The 6 Sources of Revelation

In my post here I talked about reclaiming and retooling traditional Mormon experiences to fit your spiritual needs moving forward when outside the LDS church. I called it “the Gospel”. I have been thinking a lot on this list of ideas and it’s name, and I decided to tweak it.

I now call the list “The 6 Sources of Revelation”, and have expanded it a bit. Here it is in full:6 Sources of Revelation

I have found that there are 6 Sources of Revelation. Instead of “love languages”, these can be thought of as “spiritual languages”. Some people gain more revelations through one method over another. Some gain no revelations from a source.

Everyone is on their own journey; they are their own prophet. Let them lead themselves how they know best.

Personal Revelation: Personal revelation is arguably the most important source of revelation, because it emphasizes your personal responsibility for discovery and growth. Benjamin Franklin once wrote “God helps those who help themselves”. Personal revelation encourages you to learn as much as you can and make a determination based on the evidence that you’ve been given.

There may come a time when you receive further light and knowledge and you get a personal revelation that contradicts a previous revelation. This is completely ok because life is about learning, changing, and growing. It’s good to change your opinion based on new information.

Teachers: Life is a very difficult journey. Going to someone that you personally trust for guidance makes it so much easier to navigate. These people that you go to can have many different titles among other things they can include family, friends, or spiritual leaders.

Community: Talking with others is how we learn. A community dedicated to spiritual growth would allow you to talk about and listen to personal revelations, discuss scriptures, and perform rituals.

Everyone’s spirituality will look different from everyone else’s. It is good to be exposed to different points of view. It allows you to rather improve or replace your own.

Try to approach conversations from a place of understanding and learning. The objective in these discussions shouldn’t be to change minds, but to learn from others’ points of view.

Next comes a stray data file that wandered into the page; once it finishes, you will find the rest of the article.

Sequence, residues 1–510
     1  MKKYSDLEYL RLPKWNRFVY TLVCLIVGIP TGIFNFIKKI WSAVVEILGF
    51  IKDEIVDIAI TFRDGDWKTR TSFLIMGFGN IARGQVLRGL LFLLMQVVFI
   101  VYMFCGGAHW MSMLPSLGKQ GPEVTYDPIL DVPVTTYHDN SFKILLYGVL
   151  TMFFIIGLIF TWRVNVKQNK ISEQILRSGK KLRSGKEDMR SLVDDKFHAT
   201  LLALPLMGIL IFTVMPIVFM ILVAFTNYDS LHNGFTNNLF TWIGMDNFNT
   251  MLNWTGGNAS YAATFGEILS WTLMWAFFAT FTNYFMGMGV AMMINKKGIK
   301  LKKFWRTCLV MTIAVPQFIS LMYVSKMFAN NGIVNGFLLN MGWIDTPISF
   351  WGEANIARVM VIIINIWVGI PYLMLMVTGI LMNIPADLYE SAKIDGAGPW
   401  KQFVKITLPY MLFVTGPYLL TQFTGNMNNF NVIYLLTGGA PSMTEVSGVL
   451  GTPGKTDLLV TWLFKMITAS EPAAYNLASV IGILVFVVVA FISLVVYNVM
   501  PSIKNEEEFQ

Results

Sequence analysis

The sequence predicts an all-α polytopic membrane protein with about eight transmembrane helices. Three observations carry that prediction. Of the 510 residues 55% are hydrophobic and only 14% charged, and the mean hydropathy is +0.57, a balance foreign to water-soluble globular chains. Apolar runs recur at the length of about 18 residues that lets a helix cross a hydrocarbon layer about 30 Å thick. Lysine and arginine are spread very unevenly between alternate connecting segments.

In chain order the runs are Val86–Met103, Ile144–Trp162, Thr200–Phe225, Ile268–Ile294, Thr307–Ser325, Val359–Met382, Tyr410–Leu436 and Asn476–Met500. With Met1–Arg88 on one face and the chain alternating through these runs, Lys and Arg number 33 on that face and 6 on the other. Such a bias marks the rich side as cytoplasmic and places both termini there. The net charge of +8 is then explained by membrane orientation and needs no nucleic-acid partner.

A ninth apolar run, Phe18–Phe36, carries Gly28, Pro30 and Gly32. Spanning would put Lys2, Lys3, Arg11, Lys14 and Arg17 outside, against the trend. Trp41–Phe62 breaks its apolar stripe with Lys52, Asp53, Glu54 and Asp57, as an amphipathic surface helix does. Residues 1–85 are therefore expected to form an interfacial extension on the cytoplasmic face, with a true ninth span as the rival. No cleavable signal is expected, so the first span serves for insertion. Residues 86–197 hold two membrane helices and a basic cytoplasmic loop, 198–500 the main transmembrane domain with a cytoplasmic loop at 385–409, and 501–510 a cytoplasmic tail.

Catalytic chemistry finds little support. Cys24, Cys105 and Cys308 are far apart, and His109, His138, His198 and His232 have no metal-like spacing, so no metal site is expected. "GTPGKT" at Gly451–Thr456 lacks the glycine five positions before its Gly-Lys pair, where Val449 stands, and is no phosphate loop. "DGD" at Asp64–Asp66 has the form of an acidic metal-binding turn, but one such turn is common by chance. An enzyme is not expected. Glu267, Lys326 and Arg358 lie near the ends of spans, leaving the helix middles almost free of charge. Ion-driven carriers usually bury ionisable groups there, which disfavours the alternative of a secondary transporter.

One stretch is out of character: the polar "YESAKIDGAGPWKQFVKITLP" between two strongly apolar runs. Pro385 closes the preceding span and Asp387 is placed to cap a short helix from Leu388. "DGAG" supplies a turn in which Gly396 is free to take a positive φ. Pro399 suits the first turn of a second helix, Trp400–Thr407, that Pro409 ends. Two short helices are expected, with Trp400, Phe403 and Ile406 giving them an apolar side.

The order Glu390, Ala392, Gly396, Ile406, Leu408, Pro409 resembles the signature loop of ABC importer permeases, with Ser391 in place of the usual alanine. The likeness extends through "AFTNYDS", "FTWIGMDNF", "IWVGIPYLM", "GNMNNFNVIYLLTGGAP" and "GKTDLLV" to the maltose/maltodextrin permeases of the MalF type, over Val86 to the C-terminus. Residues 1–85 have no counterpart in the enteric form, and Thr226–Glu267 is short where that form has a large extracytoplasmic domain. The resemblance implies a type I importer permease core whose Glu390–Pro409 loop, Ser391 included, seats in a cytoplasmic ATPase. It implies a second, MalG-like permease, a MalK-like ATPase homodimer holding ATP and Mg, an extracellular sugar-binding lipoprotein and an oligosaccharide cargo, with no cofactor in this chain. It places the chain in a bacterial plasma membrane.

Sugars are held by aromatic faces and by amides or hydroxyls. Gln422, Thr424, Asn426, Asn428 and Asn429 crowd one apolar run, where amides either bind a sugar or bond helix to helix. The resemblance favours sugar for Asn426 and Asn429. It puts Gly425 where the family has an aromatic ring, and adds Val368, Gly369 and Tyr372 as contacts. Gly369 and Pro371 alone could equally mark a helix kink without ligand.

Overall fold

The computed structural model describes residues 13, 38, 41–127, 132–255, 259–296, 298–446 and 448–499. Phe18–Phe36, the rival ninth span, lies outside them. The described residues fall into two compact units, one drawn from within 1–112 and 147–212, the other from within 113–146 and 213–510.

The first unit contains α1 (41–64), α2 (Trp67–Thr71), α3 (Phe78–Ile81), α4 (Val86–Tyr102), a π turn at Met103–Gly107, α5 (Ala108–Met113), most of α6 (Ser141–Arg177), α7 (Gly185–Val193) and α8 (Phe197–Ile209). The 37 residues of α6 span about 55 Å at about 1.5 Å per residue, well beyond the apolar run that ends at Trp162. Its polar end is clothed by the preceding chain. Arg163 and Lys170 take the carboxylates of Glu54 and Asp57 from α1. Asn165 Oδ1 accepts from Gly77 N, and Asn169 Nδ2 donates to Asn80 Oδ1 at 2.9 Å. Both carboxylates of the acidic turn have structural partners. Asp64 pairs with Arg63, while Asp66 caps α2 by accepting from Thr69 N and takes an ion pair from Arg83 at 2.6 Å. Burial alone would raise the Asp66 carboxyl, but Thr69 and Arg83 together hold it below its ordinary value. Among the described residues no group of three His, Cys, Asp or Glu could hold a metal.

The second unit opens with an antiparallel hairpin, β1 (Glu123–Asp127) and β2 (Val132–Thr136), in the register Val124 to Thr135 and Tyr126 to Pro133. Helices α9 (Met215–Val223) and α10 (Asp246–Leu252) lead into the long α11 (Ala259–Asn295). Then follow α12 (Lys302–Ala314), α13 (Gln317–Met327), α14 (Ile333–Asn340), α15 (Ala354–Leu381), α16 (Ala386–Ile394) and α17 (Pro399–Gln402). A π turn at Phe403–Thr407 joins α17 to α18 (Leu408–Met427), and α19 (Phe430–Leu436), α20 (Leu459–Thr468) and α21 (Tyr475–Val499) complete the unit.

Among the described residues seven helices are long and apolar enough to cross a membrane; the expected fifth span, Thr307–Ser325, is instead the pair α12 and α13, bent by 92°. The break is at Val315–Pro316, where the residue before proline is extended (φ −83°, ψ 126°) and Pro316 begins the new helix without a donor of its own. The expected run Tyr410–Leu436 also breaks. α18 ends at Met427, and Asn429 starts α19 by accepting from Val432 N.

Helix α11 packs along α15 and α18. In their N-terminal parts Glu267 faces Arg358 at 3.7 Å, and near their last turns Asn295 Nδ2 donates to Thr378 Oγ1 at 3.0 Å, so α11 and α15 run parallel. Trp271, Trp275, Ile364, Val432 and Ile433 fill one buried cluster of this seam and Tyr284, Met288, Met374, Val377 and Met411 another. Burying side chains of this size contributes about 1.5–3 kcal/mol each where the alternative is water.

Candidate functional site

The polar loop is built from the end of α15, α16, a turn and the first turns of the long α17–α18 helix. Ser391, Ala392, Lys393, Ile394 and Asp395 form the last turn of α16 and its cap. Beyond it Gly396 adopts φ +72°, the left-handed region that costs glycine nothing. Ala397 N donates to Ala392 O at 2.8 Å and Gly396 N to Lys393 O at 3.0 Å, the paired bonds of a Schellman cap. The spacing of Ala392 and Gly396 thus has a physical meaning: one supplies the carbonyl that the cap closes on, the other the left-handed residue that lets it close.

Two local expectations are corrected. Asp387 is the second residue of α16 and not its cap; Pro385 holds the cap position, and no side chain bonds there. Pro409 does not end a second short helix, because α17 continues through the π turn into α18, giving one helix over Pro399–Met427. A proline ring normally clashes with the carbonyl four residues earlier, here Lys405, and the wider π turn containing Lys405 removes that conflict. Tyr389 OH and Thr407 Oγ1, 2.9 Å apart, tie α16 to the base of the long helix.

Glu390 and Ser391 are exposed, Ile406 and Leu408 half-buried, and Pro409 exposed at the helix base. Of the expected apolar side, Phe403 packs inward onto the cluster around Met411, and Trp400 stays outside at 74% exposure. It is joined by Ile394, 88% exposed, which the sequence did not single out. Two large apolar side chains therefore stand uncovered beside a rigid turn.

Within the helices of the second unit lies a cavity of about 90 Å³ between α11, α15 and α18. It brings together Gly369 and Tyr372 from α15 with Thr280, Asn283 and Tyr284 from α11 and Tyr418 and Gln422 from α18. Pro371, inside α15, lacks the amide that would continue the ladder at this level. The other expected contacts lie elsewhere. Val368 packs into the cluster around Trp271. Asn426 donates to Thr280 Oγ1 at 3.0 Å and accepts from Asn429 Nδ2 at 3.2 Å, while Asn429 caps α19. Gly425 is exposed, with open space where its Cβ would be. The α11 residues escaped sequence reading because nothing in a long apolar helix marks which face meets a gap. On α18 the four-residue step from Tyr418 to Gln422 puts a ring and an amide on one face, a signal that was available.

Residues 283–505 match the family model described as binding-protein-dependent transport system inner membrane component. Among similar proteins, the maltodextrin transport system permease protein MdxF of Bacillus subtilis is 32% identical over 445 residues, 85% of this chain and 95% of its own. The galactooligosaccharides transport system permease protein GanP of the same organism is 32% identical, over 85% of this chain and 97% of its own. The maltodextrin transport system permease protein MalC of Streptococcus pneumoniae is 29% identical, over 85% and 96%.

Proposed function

Scriptures: Scriptures are writings that are handed down from past generations that convey valuable lessons. These writings could be fiction, non-fiction, or somewhere in between.

People have different scriptures because the lesson that is taught in one scripture may resonate well with one person, but not with another. It is helpful to find what is scripture to you and why, and learning what is scripture to others and why.

Traditional Mormon scriptures include, but are not limited to, the Bible, Book of Mormon, Pearl of Great Price, Doctrine and Covenants.

Tools: Tools are often used as a reminder of something or is used to produce greater understanding.

Traditional Mormon tools include, but not limited to, oil vials, jewelry, clothing, grooming styles, names/titles, symbols, art, music, seer stones, food, and entheogens. Tools can also be places including, but not limited to, temples, meetinghouses, or in nature.

Rituals: Rituals are formalized and/or symbolic actions that are based in tradition. They often mark a milestone in life, symbolize a commitment, give advice or comfort, or convey a desire for things to change.

Traditional Mormon rituals include, but are not limited to prayer, family home evening, baptism, blessings, fasting, sacrament, dusting off shoes, ordinations, endowments, and weddings/sealings.

I believe these are compatible with a naturalistic and a mystic point of view regarding spirituality. It is a good beginning place to help others understand each other’s spirituality.

What do you think? Would you add anything? Remove anything?